Objectives: Rapid detection of carbapenemase-producing Enterobacterales (CPE) is important to control spread of the resistance. We previously reported that imipenem disks prepared from injectable imipenem-cilastatin could rapidly detect KPC- and NDM-type carbapenemases. In the present study, we evaluated performance of disks of IPM and combined disks of imipenem-tazobactam and imipenem-EDTA, which were prepared from powders of imipenem and inhibitors. Methods: Isolates of Enterobacterales were recovered from specimens of patients at a tertiary care hospital in Korea during January 2017 and March 2018. Routine CPE detection was performed by the CPE surveillance personnel whereas evaluation of the Disk carbapenemase test (DCT) was performed by the other personnel without knowing the results of surveillance. The DCT was carried out by pressing disks on to colonies and rehydrating in Petri plates and observing color change. Results: The DCT differentiated 688 of 694 (sensitivity 99.1%) carbapenemase-producing isolates in 2.5–20 min: 630 with KPC, 51 with NDM, three with IMP, one with VIM, two with KPC and IMP, and one with NDM and OXA-181. The DCT failed to detect six OXA- 48-like enzyme-producing isolates, but the modified method using 96-well flat-bottom microplates with mineral oil cover detected all 29 OXA-48-like enzyme-producing isolates in 20–120 min. The DCT was negative for all 440 ertapenem-nonsusceptible, carbapenemase gene-negative isolates (specificity 100%). Conclusion: The procedure of DCT is simple and can differentiate isolates of Enterobacterales with KPC-, NDM-, IMP- and VIM-type carbapenemases rapidly, and the modified DCT can detect isolates with OXA-48-like enzymes rapidly.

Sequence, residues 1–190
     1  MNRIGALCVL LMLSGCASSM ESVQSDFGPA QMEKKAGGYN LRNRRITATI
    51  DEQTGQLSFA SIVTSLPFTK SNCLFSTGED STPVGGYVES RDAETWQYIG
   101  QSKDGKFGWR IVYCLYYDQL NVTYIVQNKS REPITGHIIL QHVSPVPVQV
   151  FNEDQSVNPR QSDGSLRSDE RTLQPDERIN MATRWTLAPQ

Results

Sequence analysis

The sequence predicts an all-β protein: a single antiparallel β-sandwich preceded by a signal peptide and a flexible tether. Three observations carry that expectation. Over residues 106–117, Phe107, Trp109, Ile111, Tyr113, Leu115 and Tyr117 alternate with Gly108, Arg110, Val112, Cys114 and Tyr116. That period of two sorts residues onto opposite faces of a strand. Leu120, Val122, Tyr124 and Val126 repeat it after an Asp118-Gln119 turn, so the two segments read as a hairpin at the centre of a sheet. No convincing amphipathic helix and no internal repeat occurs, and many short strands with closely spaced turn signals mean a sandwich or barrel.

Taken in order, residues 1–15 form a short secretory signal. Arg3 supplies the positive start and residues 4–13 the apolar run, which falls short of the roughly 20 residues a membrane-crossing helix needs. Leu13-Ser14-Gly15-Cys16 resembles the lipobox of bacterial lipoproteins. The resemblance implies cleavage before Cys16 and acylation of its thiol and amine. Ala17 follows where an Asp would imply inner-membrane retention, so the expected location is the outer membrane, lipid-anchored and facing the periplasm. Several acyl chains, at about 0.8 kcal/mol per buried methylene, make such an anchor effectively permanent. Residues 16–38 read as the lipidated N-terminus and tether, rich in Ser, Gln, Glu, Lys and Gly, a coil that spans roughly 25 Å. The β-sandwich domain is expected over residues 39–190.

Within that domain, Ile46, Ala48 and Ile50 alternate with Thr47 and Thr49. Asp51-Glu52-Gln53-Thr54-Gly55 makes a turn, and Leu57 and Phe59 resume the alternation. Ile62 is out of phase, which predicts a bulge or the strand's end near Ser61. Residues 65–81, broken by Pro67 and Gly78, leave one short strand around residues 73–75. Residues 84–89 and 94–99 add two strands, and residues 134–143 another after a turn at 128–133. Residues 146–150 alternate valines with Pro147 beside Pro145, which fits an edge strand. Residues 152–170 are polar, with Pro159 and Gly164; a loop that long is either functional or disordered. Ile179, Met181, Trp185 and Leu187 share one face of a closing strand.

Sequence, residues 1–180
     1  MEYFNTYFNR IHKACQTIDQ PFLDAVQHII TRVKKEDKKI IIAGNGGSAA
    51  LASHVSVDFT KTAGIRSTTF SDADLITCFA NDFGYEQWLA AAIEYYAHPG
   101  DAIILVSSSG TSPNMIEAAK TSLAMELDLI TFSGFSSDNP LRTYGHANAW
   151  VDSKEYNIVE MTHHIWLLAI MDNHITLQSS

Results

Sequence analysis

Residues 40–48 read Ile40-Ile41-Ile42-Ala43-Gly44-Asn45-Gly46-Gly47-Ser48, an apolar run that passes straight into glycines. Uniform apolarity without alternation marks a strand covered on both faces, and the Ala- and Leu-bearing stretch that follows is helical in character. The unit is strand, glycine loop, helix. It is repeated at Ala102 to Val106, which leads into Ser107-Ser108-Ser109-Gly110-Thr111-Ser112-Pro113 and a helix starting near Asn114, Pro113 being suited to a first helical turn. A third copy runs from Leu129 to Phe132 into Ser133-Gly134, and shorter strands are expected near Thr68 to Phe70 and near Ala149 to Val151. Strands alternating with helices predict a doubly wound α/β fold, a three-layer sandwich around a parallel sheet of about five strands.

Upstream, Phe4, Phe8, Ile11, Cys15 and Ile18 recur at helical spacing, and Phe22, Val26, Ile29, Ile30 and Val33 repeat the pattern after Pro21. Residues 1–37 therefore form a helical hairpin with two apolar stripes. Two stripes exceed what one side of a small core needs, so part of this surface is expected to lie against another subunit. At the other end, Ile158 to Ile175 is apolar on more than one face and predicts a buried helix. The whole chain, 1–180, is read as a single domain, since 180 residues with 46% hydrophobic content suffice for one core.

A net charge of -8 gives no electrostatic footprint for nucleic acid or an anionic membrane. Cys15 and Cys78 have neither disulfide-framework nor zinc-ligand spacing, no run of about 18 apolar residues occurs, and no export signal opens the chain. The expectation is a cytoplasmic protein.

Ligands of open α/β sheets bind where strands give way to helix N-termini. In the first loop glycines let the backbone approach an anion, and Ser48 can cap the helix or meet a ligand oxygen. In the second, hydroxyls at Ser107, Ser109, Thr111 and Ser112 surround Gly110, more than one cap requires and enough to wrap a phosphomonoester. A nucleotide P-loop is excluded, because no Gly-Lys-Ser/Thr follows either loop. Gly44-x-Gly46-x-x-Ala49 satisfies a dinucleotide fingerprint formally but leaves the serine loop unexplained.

Bibliographical noteFunding Information:
The authors are grateful to Professor D. M. Livermore, University of East Anglia, the United Kingdom, for providing stock strains with rare carbapenemase genes, with which we were able to perform successful preliminary study (Annals of Laboratory Medicine, 2016; 36:434) and to proceed with this study.
© 2021 Japanese Society of Chemotherapy and The Japanese Association for Infectious Diseases
All Science Journal Classification (ASJC) codes
- Microbiology (medical)
- Infectious Diseases
- Pharmacology (medical)